AN education and support campaign launched yesterday will equip local people with the skills and confidence to fill thousands of new jobs planned for the borough by 2021.
Thurrock Council is joining forces with Jobcentreplus and two Work Programme providers to tackle unemployment in the borough in a coordinated way. It will particularly focus on people who find it most difficult to get work.
The partners’ progress and effectiveness will be measured by hard facts such as cutting the number of local people receiving Jobseekers Allowance (JSA) from 3085 in May to 2600 by next March. To ensure that young people in particular benefit from the scheme, the agreement signed this week aims to reduce the number of 18-24 year olds receiving JSA from 760 to fewer than 600 during the same period.
The plan’s practical steps for achieving those targets include:
Helping people with affordable childcare
Work with people who find it particularly difficult to get a job – such as the long term unemployed, people with disabilities and carers
Provide local people looking for work with the computer skills to search for jobs online
Supporting employers so they can recruit local candidates with the right skills.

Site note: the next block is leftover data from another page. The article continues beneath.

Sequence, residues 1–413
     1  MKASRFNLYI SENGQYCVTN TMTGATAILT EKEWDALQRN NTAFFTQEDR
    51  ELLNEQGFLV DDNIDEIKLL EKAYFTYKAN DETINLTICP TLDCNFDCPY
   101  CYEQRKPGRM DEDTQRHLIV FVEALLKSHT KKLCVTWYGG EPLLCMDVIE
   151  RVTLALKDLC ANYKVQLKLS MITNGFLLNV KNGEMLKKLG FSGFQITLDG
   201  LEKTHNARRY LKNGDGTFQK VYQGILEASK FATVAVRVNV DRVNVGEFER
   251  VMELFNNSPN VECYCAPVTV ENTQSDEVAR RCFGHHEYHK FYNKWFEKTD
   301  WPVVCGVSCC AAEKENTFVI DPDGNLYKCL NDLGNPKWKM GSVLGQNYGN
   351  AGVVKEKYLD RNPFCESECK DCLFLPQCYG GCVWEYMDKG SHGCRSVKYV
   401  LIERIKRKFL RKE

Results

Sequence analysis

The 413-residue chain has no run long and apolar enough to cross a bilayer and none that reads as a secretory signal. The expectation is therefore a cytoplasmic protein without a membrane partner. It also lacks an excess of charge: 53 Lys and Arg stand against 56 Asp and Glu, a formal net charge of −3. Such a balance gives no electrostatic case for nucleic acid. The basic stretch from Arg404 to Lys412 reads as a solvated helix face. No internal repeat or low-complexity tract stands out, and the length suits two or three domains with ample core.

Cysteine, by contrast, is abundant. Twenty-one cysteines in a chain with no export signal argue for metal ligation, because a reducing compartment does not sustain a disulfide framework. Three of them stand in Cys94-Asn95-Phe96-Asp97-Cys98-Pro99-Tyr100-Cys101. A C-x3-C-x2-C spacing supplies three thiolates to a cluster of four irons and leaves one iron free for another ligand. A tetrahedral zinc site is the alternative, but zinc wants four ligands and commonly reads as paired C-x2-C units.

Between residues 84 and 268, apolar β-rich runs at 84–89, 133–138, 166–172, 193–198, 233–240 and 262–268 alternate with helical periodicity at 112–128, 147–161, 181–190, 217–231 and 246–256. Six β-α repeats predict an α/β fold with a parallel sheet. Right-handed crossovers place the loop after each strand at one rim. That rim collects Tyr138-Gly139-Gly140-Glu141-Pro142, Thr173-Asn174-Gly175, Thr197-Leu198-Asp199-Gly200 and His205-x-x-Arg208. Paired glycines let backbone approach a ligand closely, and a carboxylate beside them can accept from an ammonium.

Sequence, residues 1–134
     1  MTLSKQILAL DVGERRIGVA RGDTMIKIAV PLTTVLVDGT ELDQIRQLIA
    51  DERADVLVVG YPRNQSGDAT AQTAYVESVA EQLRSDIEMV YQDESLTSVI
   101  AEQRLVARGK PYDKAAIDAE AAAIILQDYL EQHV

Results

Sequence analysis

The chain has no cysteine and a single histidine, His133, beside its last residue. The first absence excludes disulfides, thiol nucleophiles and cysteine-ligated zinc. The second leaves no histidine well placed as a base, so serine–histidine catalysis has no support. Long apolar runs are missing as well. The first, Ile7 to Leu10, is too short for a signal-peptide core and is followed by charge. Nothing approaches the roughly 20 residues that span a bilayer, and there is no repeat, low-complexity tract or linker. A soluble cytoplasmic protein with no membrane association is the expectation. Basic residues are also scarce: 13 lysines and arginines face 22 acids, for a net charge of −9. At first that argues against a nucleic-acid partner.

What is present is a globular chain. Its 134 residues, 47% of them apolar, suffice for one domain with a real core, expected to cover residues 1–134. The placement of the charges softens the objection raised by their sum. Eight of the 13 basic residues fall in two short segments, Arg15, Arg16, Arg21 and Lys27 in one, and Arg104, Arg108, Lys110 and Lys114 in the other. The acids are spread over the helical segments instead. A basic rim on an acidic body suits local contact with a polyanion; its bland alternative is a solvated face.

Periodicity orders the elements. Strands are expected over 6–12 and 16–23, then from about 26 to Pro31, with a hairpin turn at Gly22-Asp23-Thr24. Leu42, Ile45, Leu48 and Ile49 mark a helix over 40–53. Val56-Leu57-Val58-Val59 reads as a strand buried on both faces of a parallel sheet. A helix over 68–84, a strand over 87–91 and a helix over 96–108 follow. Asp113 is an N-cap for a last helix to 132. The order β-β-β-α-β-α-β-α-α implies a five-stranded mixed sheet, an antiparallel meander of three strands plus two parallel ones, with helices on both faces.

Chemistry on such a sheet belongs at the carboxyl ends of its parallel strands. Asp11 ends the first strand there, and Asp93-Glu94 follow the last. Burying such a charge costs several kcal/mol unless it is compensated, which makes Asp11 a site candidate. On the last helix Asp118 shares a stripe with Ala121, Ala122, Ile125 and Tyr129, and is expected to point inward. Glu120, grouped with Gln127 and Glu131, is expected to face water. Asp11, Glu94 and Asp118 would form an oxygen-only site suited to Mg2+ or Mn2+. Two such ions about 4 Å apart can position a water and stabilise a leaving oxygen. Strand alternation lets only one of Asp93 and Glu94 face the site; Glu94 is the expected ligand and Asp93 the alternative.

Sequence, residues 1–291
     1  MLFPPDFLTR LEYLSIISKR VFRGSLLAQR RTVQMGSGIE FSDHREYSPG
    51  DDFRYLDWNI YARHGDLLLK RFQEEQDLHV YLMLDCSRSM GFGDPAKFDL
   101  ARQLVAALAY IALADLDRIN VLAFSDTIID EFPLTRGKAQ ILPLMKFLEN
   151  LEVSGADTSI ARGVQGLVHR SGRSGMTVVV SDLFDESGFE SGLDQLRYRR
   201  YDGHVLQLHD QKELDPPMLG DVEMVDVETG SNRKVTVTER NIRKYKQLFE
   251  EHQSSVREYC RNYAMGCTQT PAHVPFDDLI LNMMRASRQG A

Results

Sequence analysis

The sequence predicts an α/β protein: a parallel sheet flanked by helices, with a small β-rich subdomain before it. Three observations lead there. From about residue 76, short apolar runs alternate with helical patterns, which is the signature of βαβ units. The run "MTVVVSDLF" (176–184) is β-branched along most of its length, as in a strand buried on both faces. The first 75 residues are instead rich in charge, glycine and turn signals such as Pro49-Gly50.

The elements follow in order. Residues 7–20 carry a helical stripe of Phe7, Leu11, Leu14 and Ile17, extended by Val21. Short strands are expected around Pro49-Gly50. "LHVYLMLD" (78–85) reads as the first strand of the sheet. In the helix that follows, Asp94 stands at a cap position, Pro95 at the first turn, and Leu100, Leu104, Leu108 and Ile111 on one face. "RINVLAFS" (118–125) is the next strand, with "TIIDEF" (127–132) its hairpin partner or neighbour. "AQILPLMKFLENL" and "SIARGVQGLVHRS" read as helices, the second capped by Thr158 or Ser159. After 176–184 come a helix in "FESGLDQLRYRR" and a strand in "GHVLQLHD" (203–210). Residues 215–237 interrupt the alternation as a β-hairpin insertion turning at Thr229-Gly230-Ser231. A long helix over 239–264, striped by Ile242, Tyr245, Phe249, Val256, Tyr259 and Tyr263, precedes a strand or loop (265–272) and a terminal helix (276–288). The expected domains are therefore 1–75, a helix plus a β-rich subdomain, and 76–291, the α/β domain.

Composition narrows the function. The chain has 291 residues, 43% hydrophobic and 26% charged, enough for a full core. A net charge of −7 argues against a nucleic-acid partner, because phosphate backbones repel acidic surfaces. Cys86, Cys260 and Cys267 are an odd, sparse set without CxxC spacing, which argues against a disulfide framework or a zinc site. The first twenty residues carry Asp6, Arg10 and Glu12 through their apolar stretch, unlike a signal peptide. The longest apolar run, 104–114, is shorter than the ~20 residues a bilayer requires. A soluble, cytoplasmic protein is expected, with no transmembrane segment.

Thurrock Council leader Cllr John Kent said local businesses and the major new employers arriving in the borough have been involved in drawing up the agreement.
“Some business people have told us they are struggling to recruit locally because many of our residents don’t have the skills they are looking for or a solid history of work. Our children would not forgive us if the thousands of jobs created at massive new projects such as London Gateway and Thames Enterprise Park go to people outside the borough when many Thurrock residents yearn to learn and work.”
The growth strategy agreed by Thurrock Council and its partners focusses on six ‘growth hubs’. It aims to deliver major projects such as the DP World developments and a major film studio at Purfleet while also supporting existing businesses of all sizes.
Cllr Kent suggested that a skilled, enthusiastic workforce is crucial to attracting future investment.
“This sort of agreement is not only good news for local people and for businesses already established in Thurrock. It is a virtuous circle because employers are increasingly choosing to base their operations in areas where local people have high skill levels.”
He pointed to the role Thurrock Council played in working with Thames Enterprise Park to identify the skills it will need in coming years. The council then helped South Essex College reach an agreement with the University of Northampton to provide further and higher education courses that will help local students gain those skills.
In the agreement with Jobcentreplus, the council has pledged to continue to emphasise the need to recruit local labour and provide apprenticeships or other training in its own contracts. Cllr Kent pointed to the council’s five year, £68m Transforming Homes project as an example of how this approach is already working in Thurrock. It created more than 30 opportunities for individuals to begin a career in construction or return to work in its first year.